Bus station campaigners vow to fight on

CAMPAIGNERS determined to save an urban bus station earmarked to be replaced by a landmark arts venue have said they will fight on - despite the gallery being granted planning permission.

By Roddy Ashworth

CAMPAIGNERS determined to save an urban bus station earmarked to be replaced by a landmark arts venue have said they will fight on - despite the gallery being granted planning permission.

Timothy Oxton, co-ordinator of Save Our Bus Station, said that as Colchester Borough Council's decision to approve plans for the Visual Arts Facility (VAF) had to be ratified by the Office of the Deputy Prime Minister (ODPM), his organisation would make representations there.

“The fight is far from over. The most important step now is that it has to go to John Prescott's office.


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“We are hoping to overturn the council's decision at that point,” he said.

Proposals for the £16.5 million VAF were approved on Tuesday evening by the council's planning committee, who backed it by nine votes to one.

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The building forms part of the council's regeneration plans for the run-down St Botolph's quarter of the town and has been in the pipeline for more than 10 years.

Addressing the committee at Tuesday's meeting, Mr Oxton said that the majority of those who had signed a 17,500 strong petition to save the bus station were in favour of the VAF in principle.

But he added they did not want the landmark building, designed by internationally renowned architect Rafael Vinoly, to be built on top of the bus station, but instead nearby, on the frontage of Queens Street.

Yesterday he said: “We believe we can demonstrate to John Prescott's office that the overwhelming majority of the people of Colchester do not want to lose their bus station.

“We are going to take advice from people who know more about this than me as to what arguments we can take to the ODPM.”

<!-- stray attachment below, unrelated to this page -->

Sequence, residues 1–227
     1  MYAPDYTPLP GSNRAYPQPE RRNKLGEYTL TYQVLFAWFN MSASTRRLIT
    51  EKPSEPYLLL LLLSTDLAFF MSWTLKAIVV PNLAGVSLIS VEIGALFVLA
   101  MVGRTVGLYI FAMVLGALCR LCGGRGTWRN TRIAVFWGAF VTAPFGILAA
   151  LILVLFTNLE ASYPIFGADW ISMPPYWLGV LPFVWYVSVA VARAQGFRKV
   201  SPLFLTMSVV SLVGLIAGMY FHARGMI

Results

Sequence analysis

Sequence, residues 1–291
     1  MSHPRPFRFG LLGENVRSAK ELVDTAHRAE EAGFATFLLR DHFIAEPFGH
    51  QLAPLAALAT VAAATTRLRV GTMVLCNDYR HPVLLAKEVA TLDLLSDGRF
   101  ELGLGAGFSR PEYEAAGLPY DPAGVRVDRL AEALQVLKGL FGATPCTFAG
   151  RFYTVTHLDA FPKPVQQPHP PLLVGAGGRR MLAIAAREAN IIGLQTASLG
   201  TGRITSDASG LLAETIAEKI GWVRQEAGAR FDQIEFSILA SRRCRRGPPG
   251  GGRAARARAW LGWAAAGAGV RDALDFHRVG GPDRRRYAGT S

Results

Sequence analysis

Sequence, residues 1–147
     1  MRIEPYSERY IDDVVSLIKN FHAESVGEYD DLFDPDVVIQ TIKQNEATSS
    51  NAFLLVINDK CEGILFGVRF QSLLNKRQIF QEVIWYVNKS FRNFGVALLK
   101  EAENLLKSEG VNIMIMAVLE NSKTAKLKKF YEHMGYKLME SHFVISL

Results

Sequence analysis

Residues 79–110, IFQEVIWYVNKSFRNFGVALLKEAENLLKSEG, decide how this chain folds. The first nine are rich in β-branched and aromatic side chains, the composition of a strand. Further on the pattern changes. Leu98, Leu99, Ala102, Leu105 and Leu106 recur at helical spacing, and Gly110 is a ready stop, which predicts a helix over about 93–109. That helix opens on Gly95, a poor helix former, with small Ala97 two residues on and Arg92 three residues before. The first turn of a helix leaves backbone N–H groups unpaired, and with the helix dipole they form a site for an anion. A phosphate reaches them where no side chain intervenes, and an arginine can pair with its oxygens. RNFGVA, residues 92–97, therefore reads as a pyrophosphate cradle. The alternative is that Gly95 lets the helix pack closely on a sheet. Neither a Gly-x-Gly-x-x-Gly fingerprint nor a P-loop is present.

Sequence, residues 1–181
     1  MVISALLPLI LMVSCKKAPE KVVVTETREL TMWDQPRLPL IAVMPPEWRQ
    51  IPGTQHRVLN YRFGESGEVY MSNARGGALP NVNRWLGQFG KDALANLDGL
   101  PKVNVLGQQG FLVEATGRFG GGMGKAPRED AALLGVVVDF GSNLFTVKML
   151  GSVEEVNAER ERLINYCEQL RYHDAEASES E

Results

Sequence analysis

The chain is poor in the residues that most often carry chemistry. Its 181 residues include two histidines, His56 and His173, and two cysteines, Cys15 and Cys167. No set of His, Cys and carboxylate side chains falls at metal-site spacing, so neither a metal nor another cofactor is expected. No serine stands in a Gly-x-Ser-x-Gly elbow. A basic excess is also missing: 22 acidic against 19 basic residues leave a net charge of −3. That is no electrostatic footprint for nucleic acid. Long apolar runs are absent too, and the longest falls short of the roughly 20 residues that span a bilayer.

Members of the town's Labour group, who have previously opposed the VAF, also appear likely to issue objections to the ODPM.

The group, who stayed away from Tuesday's planning meeting for legal reasons after advice from council officers, met last night to discuss what steps to take next.

However, Richard Bourne, Labour spokesman for the VAF, said: “I would hope we will have the opportunity to make representations to the ODPM.”

However Colin Sykes, leader of the council's Liberal Democrat Group and former council leader, said: “It is now out of the hands of the council.

“The VAF has to some degree become a bane to almost anybody who has had anything to do with it.

“My personal view, and that of the majority of the Liberal Democrat group, is that this whole thing is good for Colchester and will be good for Colchester and I am glad we have got over all the necessary hurdles.

“Once it is up and running and, as I believe it will be, successful, perhaps those who have opposed it for whatever reason will be able to say the council was right.

“Only time will tell but I believe that will be the case.”

And the current council leader, Conservative John Jowers, said: “These people are entitled to their democratic right to have their say, but it is all becoming rather repetitive.

“The bus station they are trying to save strikes me as a 1960s concrete wasteland which is the last place I'd want to be on a dark wet night in Colchester.

“When we have put in a warm, comfortable, secure and light bus station - the sort of thing to encourage people to use public transport, rather than discourage them - I feel sure they will change their mind.”

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